THE ATHENS BANNER-HERALD reports that county commissioners there have removed age restrictions on manufactured homes brought into the county. A new Georgia state law bans restrictions on moving manufactured homes into a county based on the structure’s age.

THE DAILY COMET in LaFourche Parish, Louisiana reports zoning laws in the city of Thibodaux [TIH-bih-dough] are outdated. A study commissioned by the city council also referred to the laws as vague, confusing, arbitrary and in need of a comprehensive update. The study says confusion exists over the differences among modular, mobile and manufactured homes. The report says city officials have temporarily banned modular homes in areas zoned R-3, but may not be any more clear than the zoning laws. Errol Price, Thibodaux’s building inspector, told the paper his office refuses permits for all homes delivered on wheels in R-3 districts. But unlike mobile and manufactured homes, modular homes do not have permanent wheel chassis. Look for an upcoming article at MHMSM.COM that will clarify the differences of these and other manufactured housing terms.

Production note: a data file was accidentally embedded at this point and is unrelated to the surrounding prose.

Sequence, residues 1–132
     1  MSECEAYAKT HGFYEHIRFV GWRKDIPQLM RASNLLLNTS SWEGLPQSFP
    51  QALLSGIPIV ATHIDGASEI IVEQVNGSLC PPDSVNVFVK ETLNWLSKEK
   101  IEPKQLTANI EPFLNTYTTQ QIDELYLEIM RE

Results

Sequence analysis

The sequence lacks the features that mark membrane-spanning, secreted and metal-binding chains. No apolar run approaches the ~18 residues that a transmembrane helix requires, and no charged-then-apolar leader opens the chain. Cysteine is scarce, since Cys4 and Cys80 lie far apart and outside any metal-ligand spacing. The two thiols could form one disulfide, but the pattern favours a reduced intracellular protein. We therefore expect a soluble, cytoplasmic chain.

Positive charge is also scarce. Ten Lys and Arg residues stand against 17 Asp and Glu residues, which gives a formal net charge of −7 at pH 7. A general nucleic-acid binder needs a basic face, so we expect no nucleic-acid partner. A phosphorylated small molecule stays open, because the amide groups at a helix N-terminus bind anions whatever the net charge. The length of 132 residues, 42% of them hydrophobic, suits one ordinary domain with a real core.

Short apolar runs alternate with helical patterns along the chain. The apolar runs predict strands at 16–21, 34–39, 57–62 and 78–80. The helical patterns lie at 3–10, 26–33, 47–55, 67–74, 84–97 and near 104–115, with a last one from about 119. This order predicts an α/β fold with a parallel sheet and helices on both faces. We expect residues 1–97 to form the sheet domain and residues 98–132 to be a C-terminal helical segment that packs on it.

Modular housing in the news…

BOSTON-BASED CUSTOM HOME BUILDER Sterling Homes Development Corporation has launched a new web site that features a section explaining the benefits of modular homes. Russell Busa, president of Sterling Homes, explains there are many misconceptions in the marketplace about modular construction and that today’s modular homes can be built in virtually any design, are energy efficient, and often go up in a fraction of the time of a traditional stick-built home. The site is online at

In Market News…

STOCKS CLOSED UP with the Dow moving 28 points higher on Thursday. The manufactured housing composite value closed three percent higher, but plenty of related stocks were in the red. Deer Valley closed down nine percent and Palm Harbor closed lower by almost six percent. Cavco, however, was more than three percent higher by the market close and Skyline was higher by more than six percent.

On behalf of Production and IT Manager Bob Stovall, Editor L.A. Tony Kovach, Associate Editor Catherine Frenzel, INdustry in Focus reporter Eric Miller, and the entire writing and support team, this is Erin Patla. Gday!